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Just over a year ago, I released my first novel, Down and Out in the Magic Kingdom, as an experiment in what would happen if I allowed my precious copyright to be slightly eroded by one of the Creative Commons licenses. I chose the most restrictive CC license available to me, staying cautious, and I waited to see if the sky would fall.

It didn’t.

So here we are, just a little over a year later, and I am currently, at this moment, standing on a stage at the O’Reilly Emerging Technology Conference, delivering a talk called Ebooks: Neither E, Nor Books, in which I lay out the case for what I’ve done and explain the myraid ways in which the sky has not fallen on me, and just about now, I’m announcing what’ sin this blog post:

That I am re-licensing Down and Out in the Magic Kingdom, effective today, under the terms of one of the least restrictive Creative Commons licenses, the Attribution-NonCommercial-ShareAlike license, which explicitly allows anyone in the world to make any non-commercial adaptation of my book s/he can think of: translations, radio plays, movies, sequels, fanfic, slashfic…you get the picture.

I can’t wait to see what you-all make of this. Surprise me, please!

/ / Eastern Standard Tribe, News

Trevor Smith has whipped up two amazing remixes of Eastern Standard Tribe, my new novel. The first is a “speed-reader,” based on the research of Xerox PARC researcher Rich Gold, which flashes the book, one word at a time, up on the screen, at a high rate of speed. It is astonishingly readable, and makes you feel like you’ve found a back-door to your brain’s comprehension nodes. The second is a “PurpleSlurped” version of the book, in which every paragraph is given its own link, so that one can easily refer to a specific passage of the text.

/ / Eastern Standard Tribe, News

Modesty B Catt has created a text-remixer called Cut-n-Paste-Rock-n-Roll that allows you to select from two or more of my novels and Alice in Wonderland, and, at the click of a button, machine-remix the text into a new work. I’m really enjoying this.

“What’s wrong with you?” Art shook his head to the King, looking round the refreshments!’ But there seemed to think that proved it at the end of the way. They let me expense it. I’ll be one of great relief. ‘Now at ours they had settled down again, the cook took the watch and looked at them with large round eyes, and half of them–and it belongs to a doze; but, on being back in Ottawa, freelancing advice to clueless MPs dealing with Taiwanese and Sierra Leonese OEM importers.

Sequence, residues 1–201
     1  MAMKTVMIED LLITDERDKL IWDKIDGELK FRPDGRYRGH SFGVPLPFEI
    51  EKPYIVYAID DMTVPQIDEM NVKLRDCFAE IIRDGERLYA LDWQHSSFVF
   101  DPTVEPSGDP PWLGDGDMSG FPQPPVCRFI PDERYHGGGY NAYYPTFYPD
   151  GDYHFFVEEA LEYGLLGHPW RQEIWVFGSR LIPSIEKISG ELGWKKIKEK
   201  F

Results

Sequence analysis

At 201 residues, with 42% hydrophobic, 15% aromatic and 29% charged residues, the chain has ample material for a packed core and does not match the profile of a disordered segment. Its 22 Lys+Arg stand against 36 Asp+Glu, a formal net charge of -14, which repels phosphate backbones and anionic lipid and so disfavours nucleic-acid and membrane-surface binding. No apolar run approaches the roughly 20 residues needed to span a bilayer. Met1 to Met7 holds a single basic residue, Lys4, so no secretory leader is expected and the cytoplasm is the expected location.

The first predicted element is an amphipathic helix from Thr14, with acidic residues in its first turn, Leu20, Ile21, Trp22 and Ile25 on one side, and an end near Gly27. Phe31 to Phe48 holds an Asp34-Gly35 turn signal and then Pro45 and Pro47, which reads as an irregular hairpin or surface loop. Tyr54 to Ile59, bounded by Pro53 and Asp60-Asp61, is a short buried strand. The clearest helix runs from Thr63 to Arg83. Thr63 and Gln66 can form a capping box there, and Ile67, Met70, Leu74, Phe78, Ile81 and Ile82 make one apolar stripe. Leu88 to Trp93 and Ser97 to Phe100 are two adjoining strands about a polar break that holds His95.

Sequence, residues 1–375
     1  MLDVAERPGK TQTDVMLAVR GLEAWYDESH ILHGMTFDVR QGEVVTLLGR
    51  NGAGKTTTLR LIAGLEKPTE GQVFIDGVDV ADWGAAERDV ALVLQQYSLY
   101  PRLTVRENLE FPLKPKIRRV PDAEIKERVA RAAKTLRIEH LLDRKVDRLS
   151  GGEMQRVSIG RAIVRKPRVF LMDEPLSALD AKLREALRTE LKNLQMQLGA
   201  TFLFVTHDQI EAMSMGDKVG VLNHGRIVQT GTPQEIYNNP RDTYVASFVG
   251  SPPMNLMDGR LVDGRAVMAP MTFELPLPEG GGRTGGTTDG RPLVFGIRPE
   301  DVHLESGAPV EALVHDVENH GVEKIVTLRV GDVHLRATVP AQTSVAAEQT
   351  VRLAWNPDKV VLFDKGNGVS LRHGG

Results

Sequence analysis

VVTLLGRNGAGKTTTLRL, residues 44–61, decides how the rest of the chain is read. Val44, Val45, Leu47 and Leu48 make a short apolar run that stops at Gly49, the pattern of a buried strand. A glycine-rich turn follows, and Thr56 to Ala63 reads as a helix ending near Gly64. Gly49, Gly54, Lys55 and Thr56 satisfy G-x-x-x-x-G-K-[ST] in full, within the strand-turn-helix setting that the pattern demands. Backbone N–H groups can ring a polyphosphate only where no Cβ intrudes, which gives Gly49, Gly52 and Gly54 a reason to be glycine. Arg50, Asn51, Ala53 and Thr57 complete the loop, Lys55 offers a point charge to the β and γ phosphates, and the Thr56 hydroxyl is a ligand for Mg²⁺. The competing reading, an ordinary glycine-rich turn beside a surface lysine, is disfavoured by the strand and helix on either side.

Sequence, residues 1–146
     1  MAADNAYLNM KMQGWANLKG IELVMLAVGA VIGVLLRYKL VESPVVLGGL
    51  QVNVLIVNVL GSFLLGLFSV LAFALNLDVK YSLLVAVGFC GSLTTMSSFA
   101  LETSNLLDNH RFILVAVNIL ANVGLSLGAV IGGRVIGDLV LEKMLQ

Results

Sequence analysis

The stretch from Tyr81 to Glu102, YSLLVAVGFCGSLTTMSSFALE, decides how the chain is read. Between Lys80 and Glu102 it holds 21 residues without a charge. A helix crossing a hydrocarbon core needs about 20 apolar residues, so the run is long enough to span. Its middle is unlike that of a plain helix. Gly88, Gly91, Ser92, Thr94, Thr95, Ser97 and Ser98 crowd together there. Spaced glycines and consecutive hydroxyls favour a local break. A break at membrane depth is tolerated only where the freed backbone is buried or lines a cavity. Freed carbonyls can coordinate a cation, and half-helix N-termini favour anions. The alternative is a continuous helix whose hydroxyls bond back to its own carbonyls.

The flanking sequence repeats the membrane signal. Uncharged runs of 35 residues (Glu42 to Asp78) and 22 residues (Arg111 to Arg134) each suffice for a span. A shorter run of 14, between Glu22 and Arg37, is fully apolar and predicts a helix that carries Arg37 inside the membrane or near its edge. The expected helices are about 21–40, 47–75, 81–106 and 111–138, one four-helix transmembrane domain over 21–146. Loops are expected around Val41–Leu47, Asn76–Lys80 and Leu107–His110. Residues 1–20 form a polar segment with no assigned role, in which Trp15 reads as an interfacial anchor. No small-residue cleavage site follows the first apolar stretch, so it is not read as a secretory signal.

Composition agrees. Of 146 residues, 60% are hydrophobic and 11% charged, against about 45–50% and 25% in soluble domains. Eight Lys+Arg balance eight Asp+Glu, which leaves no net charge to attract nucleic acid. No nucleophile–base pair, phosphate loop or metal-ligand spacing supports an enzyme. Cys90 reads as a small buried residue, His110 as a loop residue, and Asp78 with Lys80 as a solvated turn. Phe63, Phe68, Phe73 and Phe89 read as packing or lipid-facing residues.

Audie’s married to a full-blown conspiracy. Their interests are commercial, industrial, cultural, culinary. A Tribesman will patronize a fellow Tribesman’s restaurant, or give him a reproachful look. “I’m sorry, all right?” he asked.


Paul Boutin

It’s less science fiction, more supercaffeinated extrapolation (“…expialidocious!”) of today’s always-on lifestyle crowd, of which Cory has plenty of firsthand experience. The narrator’s dilemma is spelled out at the start: His friends have committed him to a mental hospital as part of a plot. Except there’s the nagging suspicion he may really be going nuts. As with a Vonnegut novel, it’s the gradual filling in of details over the next 300 pages by an unreliable narrator that makes it an engaging read.

/ / Eastern Standard Tribe, News

My second novel, Eastern Standard Tribe starts shipping today — it should be showing up in bookstores any day now.

As with Down and Out in the Magic Kingdom, my first novel, I’ve made the whole text of the novel available as a free download in a variety of open, standards-defined formats, under the terms of a Creative Commons license — and I’ve written a short essay explaining why I’ve done it: in a nutshell, this worked really well for my first book, and I’d be crazy not to repeat the experiment with my second novel.

I hope you enjoy reading this book as much as I enjoyed writing it.


Publishers Weekly

John W. Campbell Award winner Doctorow lives up to the promise of his first novel, Down and Out in the Magic Kingdom (2003), with this near-future, far-out blast against human duplicity and smothering bureaucracy. Even though it takes a while for the reader to grasp postcyberpunk Art Berry’s dizzying leaps between his “now,” a scathing 2012 urban nuthouse, and his “then,” the slightly earlier events that got him incarcerated there, this short novel’s occasionally bitter, sometimes hilarious and always whackily appealing protagonist consistently skewers those evils of modern culture he holds most pernicious. A born-to-argue misfit like all kids who live online, Art has found peers in cyber space who share his unpopular views-specifically his preference for living on Eastern Standard Time no matter where he happens to live and work. In this unsettling world, e-mails filled with arcane in-jokes bind competitive “tribes” that choose to function in one arbitrary time or another. Swinging from intense highs (his innovative marketing scheme promises to impress his tribe and make him rich) to maudlin lows (isolation in a scarily credible loony bin), Art gradually learns that his girl, Linda, and his friend Fede are up to no good. In the first chapter, Doctorow’s authorial voice calls this book a work of propaganda, a morality play about the fearful choice everybody makes sooner or later between smarts and happiness. He may be more right than we’d like to think.

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I will be signing copies of Eastern Standard Tribe Austin at the SXSW conference, immediately following the Bloggie Award Ceremony on the trade-floor.

March 15, 1:30PM, at the book signing area of the SXSW Interactive Festival Trade Show & Exhibition on the third floor of the Austin Convention Center.

If you’re not a registered attendee at SXSW, you can get a free trade-floor pass here.